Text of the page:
Erastus Corning, Polly Noonan: Gillibrand connection

I remember Burt Reynolds first as the “half-breed” Quint on about four dozen episodes of the TV series Gunsmoke.

Falco as Noonan
Edie Falco as Polly Noonan in The True
These are a couple things that are Albany connected, the latter, very tangentially.

The new play “The True”, written by Sharr White, “examines — and hypothesizes about — the affections shared” between long-time Albany, NY mayor Erastus Corning 2nd (d. 1983) and his confidant Dorothea (Polly) Noonan (d. 2003).

There was an article in the local paper, the Times Union, with some relatives and/or friends of the pair complaining that no one had approached them about whether all the facts were correct. As with most movies about famous people and events, I’ve never felt it necessary for the story to be I-dotted, T-crossed factual.

BTW, I didn’t move to Albany in 1979, and Corning who was first elected in 1941, was STILL mayor. The Democratic machine, which still exists in a modified form to this day. Trivia fact: the tallest building between Montreal and New York City is the Corning Tower, the 43-story building on the Empire State Plaza.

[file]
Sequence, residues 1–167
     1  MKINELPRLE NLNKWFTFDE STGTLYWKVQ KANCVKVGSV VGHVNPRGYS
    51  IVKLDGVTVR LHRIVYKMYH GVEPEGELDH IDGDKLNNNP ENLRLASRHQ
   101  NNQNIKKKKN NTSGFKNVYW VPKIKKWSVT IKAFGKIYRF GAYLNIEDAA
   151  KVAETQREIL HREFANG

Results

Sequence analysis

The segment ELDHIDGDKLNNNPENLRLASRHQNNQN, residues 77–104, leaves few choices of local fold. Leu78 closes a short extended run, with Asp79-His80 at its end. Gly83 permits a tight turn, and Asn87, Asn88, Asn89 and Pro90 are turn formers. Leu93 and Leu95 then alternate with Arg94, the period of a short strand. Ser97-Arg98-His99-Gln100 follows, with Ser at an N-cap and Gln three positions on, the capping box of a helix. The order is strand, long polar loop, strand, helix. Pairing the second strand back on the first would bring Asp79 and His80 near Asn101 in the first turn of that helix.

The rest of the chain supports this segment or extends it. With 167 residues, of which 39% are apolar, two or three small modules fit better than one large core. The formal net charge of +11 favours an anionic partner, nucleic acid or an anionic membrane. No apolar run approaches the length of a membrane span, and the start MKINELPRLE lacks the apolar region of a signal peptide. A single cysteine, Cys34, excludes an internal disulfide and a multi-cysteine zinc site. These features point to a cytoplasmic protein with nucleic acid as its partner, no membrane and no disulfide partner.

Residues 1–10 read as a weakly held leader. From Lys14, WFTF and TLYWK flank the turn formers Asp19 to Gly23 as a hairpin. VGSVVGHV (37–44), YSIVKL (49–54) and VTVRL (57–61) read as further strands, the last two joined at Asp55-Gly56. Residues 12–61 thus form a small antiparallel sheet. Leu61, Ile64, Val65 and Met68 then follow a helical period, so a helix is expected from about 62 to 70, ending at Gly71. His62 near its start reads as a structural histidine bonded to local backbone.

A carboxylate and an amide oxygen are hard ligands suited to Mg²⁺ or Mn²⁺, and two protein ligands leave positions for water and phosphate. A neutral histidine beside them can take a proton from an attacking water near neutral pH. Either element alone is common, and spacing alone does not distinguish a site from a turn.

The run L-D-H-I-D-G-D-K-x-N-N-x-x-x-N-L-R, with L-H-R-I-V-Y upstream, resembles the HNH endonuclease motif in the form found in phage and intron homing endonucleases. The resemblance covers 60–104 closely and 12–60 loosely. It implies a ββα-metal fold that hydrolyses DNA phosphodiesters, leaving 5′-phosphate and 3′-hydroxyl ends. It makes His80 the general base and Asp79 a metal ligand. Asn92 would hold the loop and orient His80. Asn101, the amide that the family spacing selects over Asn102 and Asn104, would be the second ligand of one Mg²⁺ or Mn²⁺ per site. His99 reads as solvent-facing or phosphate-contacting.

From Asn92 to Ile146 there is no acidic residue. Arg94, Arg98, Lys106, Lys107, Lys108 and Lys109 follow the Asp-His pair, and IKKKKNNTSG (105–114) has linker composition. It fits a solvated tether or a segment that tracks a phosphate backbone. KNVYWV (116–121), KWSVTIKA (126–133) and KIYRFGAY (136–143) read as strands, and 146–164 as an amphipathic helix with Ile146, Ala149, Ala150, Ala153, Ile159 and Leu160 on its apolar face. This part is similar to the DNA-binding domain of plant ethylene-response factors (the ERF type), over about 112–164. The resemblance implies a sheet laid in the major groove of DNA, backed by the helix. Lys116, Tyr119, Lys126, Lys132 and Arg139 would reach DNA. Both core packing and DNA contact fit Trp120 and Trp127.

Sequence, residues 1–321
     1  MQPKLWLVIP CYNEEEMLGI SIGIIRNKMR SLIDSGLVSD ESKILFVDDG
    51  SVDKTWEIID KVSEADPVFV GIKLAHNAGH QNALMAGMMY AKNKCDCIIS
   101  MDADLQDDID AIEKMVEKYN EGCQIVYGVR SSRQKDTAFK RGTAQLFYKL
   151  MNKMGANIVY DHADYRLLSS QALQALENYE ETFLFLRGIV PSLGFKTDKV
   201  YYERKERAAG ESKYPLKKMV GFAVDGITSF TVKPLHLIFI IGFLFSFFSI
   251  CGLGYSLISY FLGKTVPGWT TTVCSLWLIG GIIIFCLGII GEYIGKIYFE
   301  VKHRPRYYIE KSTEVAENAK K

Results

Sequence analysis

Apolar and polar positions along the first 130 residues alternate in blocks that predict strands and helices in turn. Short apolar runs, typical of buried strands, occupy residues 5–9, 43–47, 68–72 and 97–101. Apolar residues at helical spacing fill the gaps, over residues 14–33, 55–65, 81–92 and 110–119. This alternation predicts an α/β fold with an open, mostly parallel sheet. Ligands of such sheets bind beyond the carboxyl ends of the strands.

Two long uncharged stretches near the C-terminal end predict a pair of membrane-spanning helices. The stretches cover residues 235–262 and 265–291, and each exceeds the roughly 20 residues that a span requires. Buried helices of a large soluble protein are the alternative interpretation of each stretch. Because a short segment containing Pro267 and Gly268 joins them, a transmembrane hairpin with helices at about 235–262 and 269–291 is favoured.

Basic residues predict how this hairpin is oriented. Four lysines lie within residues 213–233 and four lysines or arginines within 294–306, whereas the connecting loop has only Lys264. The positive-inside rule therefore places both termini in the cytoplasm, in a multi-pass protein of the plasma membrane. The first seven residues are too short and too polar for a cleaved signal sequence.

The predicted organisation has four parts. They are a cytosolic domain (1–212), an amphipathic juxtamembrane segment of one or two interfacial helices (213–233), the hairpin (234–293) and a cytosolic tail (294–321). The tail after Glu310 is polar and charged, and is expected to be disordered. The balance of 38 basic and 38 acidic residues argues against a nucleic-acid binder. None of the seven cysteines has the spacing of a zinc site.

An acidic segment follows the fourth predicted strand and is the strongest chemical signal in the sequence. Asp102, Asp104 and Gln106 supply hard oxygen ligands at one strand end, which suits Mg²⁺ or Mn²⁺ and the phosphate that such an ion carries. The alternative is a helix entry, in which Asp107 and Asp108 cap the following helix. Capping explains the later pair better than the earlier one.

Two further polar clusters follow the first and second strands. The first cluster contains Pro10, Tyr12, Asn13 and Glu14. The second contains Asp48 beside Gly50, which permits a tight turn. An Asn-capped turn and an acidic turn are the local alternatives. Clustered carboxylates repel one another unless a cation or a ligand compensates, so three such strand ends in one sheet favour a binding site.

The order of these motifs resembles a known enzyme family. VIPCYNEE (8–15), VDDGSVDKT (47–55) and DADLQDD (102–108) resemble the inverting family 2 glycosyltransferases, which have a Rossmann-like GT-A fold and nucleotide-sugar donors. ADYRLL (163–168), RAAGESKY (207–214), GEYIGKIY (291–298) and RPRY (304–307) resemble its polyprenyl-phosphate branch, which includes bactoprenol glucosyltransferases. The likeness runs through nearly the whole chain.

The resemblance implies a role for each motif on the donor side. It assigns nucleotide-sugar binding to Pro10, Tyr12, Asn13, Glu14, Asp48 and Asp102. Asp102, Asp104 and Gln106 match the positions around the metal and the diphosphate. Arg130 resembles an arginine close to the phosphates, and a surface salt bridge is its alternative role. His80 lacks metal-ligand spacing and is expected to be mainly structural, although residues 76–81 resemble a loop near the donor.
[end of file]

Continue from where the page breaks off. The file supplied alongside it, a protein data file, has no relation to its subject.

“Edie Falco and Michael McKean star in The New Group production of “the True”, which opens September. 20 at the Pershing Square Signature Center in New York City. Falco, for one, didn’t know there really WAS a Polly Noonan.

Noonan’s granddaughter — Kirsten E. Gillibrand, “once a little-known congresswoman from the Capital District — was selected to fill the United States Senate seat held by Hillary Clinton, who had been named Secretary of State.”
I watched a LOT of Burt Reynolds. I remember him first as the “half-breed” Quint on about four dozen episodes of the TV series Gunsmoke (1962-1965), the detective show Dan August (1970-1972), then a whole bunch of movies when he was box-office champ, usually prompted by Susan, my first significant girlfriend after I first moved to the area in 1978.

We saw Smokey and the Bandit I and II, Rough Cut, Starting Over, Hooper, and the underrated The End. Later, I watched the series Evening Shade (1990-1994) and the movie Boogie Nights (1997), plus a variety of guest appearances. Sally Field, who was in at least four of those films, said that Burt “never leaves my mind.”

Here’s Jerry Reed performing “Eastbound and Down”, from Smokey and the Bandit.

Roger Answers Your Questions, Shooting Parrot, Tom the Mayor, and Rose